Please call our 24-Hour Helpline: 0800 326 5559

    Rehab for Cannabis, Cocaine, and Heroin in Milton Keynes

    Person holding medication and tea

    Following the medical assessment, you will then enter the detox phase of rehab.

    This process will vary depending upon the substance.

    • Rehab for Cannabis in Milton Keynes: Cannabis, for example, has a relatively easy detox process. Withdrawal from cannabis is still unpleasant, but you will not need 24/7 medical assistance and/or medication. Usually, withdrawal symptoms will occur several after the final dose and will subside after several days. Withdrawal symptoms from cannabis include anxiety, stress, restlessness, and irritability. However, it is worth mentioning that cannabis can stay in your system for several months.
    • Rehab for Cocaine in Milton Keynes: Cocaine withdrawal is more psychological than physical. This means that withdrawal symptoms tend to be cognitive. For example, common cocaine withdrawal symptoms include anxiety, paranoia, irritability, stress, and restlessness. Some studies have found that cocaine withdrawal can occur half an hour after the final dose but usually only lasts for several days.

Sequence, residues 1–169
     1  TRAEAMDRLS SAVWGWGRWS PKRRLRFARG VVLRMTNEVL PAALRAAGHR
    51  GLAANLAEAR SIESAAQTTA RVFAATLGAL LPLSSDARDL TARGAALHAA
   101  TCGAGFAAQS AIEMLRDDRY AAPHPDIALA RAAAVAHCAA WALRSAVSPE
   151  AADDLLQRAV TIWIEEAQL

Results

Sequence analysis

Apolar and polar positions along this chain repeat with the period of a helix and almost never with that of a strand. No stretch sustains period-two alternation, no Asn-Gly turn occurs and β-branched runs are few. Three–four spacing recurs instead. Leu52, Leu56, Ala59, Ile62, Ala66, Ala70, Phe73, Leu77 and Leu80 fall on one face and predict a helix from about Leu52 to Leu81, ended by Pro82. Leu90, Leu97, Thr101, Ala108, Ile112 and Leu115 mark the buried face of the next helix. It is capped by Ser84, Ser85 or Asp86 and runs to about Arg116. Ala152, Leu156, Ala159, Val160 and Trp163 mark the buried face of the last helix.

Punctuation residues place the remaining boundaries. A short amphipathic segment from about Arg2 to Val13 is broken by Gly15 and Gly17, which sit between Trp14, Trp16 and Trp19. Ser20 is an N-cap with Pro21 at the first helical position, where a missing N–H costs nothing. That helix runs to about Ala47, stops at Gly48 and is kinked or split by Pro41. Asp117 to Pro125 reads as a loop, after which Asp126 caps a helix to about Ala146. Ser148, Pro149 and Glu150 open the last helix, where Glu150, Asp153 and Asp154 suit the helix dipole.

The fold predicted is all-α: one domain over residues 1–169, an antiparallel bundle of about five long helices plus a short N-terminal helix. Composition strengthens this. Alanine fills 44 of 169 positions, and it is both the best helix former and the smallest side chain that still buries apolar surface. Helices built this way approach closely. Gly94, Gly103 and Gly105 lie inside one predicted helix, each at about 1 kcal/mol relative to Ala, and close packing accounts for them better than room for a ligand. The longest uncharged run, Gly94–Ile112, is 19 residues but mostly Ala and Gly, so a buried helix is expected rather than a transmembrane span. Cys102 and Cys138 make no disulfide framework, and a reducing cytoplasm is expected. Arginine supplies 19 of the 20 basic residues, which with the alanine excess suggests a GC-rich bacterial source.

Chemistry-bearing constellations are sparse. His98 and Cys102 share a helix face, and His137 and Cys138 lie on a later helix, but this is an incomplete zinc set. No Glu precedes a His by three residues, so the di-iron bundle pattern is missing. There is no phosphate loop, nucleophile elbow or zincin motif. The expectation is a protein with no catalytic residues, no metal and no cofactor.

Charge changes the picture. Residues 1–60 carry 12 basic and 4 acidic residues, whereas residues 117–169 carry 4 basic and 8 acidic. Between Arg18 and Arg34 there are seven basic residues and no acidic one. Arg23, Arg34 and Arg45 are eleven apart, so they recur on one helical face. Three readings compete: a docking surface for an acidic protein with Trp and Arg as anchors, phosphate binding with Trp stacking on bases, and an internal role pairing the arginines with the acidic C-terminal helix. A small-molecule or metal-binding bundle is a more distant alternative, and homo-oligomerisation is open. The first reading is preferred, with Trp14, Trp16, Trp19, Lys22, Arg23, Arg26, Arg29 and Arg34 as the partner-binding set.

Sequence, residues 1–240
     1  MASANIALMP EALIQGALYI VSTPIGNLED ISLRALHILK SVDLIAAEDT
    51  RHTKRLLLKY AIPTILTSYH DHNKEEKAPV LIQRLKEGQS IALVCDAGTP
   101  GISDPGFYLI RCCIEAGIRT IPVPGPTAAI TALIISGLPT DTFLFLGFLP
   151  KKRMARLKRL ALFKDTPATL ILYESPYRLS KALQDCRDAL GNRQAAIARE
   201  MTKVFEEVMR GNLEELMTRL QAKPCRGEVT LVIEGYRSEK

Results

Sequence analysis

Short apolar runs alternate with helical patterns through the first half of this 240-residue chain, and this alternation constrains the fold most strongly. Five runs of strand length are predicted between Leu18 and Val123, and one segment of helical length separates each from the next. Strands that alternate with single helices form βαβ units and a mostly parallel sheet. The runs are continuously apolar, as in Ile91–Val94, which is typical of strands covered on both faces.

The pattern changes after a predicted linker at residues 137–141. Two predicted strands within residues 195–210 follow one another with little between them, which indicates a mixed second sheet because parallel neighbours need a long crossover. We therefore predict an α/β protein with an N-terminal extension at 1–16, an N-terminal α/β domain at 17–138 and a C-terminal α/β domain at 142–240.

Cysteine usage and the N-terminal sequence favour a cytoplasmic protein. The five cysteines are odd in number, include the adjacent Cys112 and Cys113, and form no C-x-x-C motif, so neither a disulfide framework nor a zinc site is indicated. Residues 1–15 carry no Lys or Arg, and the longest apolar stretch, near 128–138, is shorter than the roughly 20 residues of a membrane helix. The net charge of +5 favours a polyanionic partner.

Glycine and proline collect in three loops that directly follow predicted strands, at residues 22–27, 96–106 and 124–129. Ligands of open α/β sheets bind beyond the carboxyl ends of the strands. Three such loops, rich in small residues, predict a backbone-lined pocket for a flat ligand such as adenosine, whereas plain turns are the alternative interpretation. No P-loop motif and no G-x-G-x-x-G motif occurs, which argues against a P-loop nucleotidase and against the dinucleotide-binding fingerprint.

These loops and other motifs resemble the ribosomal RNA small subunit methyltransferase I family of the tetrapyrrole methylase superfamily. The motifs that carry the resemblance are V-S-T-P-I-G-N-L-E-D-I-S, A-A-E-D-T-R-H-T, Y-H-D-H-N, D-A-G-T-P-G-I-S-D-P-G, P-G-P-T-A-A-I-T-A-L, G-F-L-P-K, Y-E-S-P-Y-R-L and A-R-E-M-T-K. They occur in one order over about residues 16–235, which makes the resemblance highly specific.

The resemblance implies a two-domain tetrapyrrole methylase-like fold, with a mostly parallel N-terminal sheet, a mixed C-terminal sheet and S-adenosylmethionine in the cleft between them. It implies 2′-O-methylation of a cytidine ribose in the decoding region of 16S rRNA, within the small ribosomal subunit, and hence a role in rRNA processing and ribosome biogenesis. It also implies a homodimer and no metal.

• Rehab for Heroin in Milton Keynes: Unlike cocaine, heroin withdrawal is both psychological and physical. Medical experts consider it to be one of the most difficult detoxes. This is due to heroin being highly addictive. In addition, heroin withdrawal can be life-threatening, with severe symptoms including poor respiration, dehydration, and hypertension. Due to the severity of heroin withdrawal, you might be prescribed medication such as Methadone, Suboxone, or Buprenorphine. Less severe symptoms include restlessness, fatigue, and stomach issues – vomiting, nausea, and diarrhoea. Symptoms usually reduce after 24 hours but can last for several days. [7]

    Please call our 24-Hour Helpline: 0800 326 5559

    Rehab for Alcoholism in Milton Keynes

    Person holding pills

    Alcohol withdrawal – also known as Alcohol Withdrawal Syndrome (AWS) – is also serious and can be life-threatening.

    Residential treatment is advised if you are detoxing from alcohol. [8]

    AWS symptoms range from mild to severe. Mild symptoms are like flu – nausea, headaches, fatigue, vomiting, and diarrhoea.

    Severe symptoms consist of seizures, poor and fast respiration, heart complications, and high blood pressure.

    AWS symptoms are also psychological – anxiety, depression, stress, and irritability, for example.

    Studies have found that withdrawal from alcohol can occur several hours after the final consumption and usually last between five-to-seven days.